Understanding the nuances and the history of one of the most famous wine regions in the world can be intimidating, to say the least. So let’s start at the very beginning. A very good place to start.
Where is this magical land of the Rhône Valley? Look at the map of France and allow your eyes to rest in the south-eastern corner – the region peaks at a town called Vienne, just south of Lyon, and it stretches all the way south to Avignon on the Rhône River, the ancient home of the Catholic popes.
It’s thought the first cultivated wines were planted around 600BC. Some speculate Syrah (Shiraz as we call it in Australia) was brought to the region by the Greeks from the Persian city of Shiraz; others say it came from the Sicilian city of Syracuse. Speculations aside, scientists have carried out extensive DNA testing, which led them to conclude that the Syrah clone originated in the Rhône region itself.
The valley is divided into two sub-regions that boast very distinct traditions and wines of varying flavour, quality and weight. Geographically the Northern Rhône is dwarfed by the enormity of the Southern Rhone (both figuratively and geographically) – in fact, close to 95% of all Rhône wines hail from the Southern part of the valley.
The great majority of Northern Rhône wines are produced from Syrah – it is the only red grape permitted in the Cornas AOC (Appellation d’Origine Contrôlée). But in other AOC, Syrah can be blended with white grapes, typically Viognier, but also Marsanne and Roussanne. These white grapes are in turn produced as white wines in their own right throughout the Northern Rhône in various blending marriages.
But let’s move to the Southern Rhône, where the red blends are something else altogether. With an area of this size, producers are faced by myriad terroirs with variable microclimates, soil types and geographical challenges. Despite the challenges, Jancis Robinson labels these drops “France’s most user-friendly wines”.
Why? Southern Rhône reds are alcoholic – a wine with an alcohol level sitting at 14-15% is not uncommon. If Syrah dominates the wines of the Northern Rhône, Grenache is King of the South, building the foundation of many of the red blends with its openly fruity, drinkable characteristic. As Jancis describes it, this Southern Rhône region is also more Mediterranean in climate, acting as “the gateway to Provence, a land of olive trees, cicadas, sunshine and Impressionist summer landscapes”. These factors are all ingredients in the production very drinkable drops.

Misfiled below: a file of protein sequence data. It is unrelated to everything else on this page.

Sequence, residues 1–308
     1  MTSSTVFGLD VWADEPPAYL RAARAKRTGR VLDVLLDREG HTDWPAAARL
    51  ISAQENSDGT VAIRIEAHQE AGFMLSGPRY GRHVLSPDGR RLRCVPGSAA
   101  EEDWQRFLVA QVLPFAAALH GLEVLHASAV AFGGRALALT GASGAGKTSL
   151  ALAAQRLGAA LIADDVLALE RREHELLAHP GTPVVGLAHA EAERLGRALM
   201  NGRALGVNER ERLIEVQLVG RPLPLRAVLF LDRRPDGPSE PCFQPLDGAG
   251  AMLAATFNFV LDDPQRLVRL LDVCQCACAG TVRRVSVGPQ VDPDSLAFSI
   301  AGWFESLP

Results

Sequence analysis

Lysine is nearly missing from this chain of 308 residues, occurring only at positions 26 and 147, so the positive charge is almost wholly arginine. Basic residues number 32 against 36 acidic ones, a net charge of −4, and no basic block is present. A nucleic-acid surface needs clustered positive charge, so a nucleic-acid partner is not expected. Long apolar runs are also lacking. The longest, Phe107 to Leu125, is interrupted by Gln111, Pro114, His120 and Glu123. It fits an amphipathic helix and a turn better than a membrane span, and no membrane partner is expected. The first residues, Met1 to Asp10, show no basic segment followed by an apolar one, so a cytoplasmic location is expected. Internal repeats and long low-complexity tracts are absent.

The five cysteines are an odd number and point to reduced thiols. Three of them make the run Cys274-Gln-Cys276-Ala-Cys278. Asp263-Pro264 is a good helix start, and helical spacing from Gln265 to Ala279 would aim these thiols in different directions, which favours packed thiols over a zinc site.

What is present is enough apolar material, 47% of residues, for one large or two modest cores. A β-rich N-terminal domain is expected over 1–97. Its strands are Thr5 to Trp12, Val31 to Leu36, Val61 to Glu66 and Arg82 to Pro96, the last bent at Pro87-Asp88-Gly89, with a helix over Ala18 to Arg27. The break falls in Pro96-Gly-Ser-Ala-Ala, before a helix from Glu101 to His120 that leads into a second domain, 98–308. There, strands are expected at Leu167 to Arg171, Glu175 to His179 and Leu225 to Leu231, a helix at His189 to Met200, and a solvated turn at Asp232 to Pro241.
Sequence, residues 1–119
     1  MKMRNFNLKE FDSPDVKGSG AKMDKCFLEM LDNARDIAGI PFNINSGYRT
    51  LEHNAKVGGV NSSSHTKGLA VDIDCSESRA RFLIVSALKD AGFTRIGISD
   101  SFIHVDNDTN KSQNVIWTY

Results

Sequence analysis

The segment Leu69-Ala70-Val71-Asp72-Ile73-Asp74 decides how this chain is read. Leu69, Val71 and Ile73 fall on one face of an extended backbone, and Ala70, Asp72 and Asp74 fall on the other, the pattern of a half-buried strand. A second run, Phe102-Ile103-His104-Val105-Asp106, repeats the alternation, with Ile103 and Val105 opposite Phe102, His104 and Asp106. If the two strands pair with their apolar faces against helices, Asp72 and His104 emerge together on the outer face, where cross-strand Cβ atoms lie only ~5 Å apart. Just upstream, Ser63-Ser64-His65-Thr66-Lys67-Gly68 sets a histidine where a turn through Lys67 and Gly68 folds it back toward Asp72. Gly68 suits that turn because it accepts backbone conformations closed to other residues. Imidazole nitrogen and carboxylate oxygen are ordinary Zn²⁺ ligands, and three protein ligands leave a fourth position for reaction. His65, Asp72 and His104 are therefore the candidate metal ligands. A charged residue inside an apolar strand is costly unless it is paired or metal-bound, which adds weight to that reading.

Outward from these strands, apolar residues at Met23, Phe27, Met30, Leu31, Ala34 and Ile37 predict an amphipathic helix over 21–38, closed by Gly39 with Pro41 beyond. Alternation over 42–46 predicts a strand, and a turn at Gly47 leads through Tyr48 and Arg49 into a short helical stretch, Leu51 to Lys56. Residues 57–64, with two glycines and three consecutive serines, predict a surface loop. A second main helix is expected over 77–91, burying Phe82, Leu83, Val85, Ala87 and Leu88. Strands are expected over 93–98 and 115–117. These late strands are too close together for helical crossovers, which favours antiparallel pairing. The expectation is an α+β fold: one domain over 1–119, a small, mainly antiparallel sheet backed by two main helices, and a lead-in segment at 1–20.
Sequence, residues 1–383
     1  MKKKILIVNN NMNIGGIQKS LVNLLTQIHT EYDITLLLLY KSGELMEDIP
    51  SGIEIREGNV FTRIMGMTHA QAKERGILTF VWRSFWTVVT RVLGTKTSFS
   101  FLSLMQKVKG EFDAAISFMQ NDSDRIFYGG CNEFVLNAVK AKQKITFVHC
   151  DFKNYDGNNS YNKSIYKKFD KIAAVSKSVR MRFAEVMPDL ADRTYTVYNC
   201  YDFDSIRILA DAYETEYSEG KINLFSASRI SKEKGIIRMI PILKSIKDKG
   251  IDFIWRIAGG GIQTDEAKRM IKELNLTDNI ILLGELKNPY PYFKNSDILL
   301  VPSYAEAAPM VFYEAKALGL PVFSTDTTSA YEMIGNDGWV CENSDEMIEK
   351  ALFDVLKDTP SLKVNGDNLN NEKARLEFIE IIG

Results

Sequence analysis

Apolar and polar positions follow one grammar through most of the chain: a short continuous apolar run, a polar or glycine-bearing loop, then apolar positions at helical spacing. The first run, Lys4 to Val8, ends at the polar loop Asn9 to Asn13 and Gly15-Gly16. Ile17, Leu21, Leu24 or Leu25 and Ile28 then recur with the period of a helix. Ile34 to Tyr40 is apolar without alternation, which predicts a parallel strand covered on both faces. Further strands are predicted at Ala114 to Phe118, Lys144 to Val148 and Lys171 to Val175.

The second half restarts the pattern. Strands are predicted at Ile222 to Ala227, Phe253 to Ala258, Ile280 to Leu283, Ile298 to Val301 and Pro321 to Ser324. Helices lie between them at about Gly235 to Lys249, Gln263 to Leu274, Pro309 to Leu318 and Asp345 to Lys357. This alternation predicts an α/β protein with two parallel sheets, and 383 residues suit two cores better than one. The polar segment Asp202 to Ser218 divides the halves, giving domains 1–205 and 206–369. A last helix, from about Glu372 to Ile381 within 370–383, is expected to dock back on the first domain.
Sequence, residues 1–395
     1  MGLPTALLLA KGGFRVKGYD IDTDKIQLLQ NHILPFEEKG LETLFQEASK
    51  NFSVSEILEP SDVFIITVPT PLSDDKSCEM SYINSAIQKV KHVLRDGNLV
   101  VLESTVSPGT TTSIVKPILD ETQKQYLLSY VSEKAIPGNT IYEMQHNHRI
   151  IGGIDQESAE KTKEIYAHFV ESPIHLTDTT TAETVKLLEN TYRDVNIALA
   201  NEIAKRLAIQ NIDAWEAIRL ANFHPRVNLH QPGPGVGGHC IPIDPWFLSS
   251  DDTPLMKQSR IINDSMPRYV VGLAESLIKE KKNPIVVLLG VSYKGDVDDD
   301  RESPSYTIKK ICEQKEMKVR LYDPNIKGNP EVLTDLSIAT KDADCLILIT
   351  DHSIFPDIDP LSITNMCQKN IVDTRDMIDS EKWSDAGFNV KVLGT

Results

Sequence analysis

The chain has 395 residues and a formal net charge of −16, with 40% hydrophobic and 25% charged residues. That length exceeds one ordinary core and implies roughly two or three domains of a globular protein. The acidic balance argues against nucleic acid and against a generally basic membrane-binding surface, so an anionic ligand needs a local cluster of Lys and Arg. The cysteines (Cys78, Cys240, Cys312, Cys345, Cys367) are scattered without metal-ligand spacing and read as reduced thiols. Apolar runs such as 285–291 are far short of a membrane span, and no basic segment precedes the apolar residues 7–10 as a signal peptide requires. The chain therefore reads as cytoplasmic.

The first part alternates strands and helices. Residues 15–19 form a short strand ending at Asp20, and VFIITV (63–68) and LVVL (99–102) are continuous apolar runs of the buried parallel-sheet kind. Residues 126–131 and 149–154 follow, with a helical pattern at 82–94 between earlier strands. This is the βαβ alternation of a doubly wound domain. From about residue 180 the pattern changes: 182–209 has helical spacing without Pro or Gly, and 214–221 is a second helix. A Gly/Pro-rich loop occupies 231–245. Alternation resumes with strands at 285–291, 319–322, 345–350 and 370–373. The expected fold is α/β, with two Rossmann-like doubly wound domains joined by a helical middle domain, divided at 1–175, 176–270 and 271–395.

Similar to the rules in the North, Southern Rhône producers are allowed to blend red and white varieties, creating a vast array of styles. Compared to the north, the wines of Southern Rhône are (very generally) lighter, fruitier, expressing more ripe red fruit over black fruit, often with a hint of Provençal herbs, olives and a spicy ending.
There are 15 Southern Rhône AOC (appellations), the most famous of which is Châteauneuf-du-Pape, a red blend brimming with up to 19 varieties (10 red and nine white)! Translated from the French, Châteauneuf-du-Pape means the Pope’s New Castle. The region in which this famous wine is produced is home to the town of Avignon. It was here, in 1309, that newly elected Pope Clément V decided to take up residency instead of Rome.
But back to the wine. Another well-respected AOC in the Southern Rhône is Côtes-du-Rhône. Wine writers suggest this region produces wines with truly sublime characteristics at very affordable prices. The wines can be bright, fruity, sweet, spicy and packed with ripe, red berries. They can also be full-bodied, rich, raisiny, spicy, grippy and powerful. No wonder this style is emulated in regions all over the world.
So when you look at the success of these two sub-regions in the Southern Rhône – Châteauneuf-du-Pape and Côtes-du-Rhône – what they have in common is their use of three magic varietals that define the style. And they are Grenache, Syrah (Shiraz) and Mourvèdre.
When considering how to describe the success and popularity of this style of red Rhône, the concept of “synergy” applies – the creation of a whole that is greater than the simple sum of its parts. What do those parts – Grenache, Syrah and Mourvèdre – contribute? Let’s take a look.
Grenache is the lightest of the three, adding candied fruit, soft raspberry scents and cinnamon spice. It contributes alcohol, warmth and fruitiness without overpowering tannins.
Syrah adds the darker fruits of blueberry, plum and even black olive, flavours [A1] that sit on the savoury spectrum. Syrah also adds a lot of up-front flavour and boldness but not a lot of aftertaste.
Mourvèdre is the variety that provides the persistent flavour punch right at the end. On its own this grape produces a deeply rich, dark wine, similar to Syrah. The grape is used judiciously in these Southern Rhône blends to add tannin structure, floral aromas and that lovely flavour kick at the end.
This time-honoured style has become a benchmark for Australian producers, including Singlefile. Our nod to this style comes in the form of the Clément V – a medium-bodied blend of Shiraz (66%), Grenache (27%) and Mataró (7%)[A2] . (Mataro is only one moniker for this variety – the French call it Mourvèdre; the Spanish call is Monastrell.) It boasts bright, perfumed aromatics of red fruits and spice with a subtle savoury edge. The palate is plush, with a smoothly textured mouth feel with fine-grained grippy tannins.
Like all GSM Southern Rhône blends, it makes the perfect partner for food. Why don’t you try this style for yourself? And if you’re lucky enough to have tried a GSM from the Southern Rhône, let us know how Singlefile’s version compares by leaving a comment below.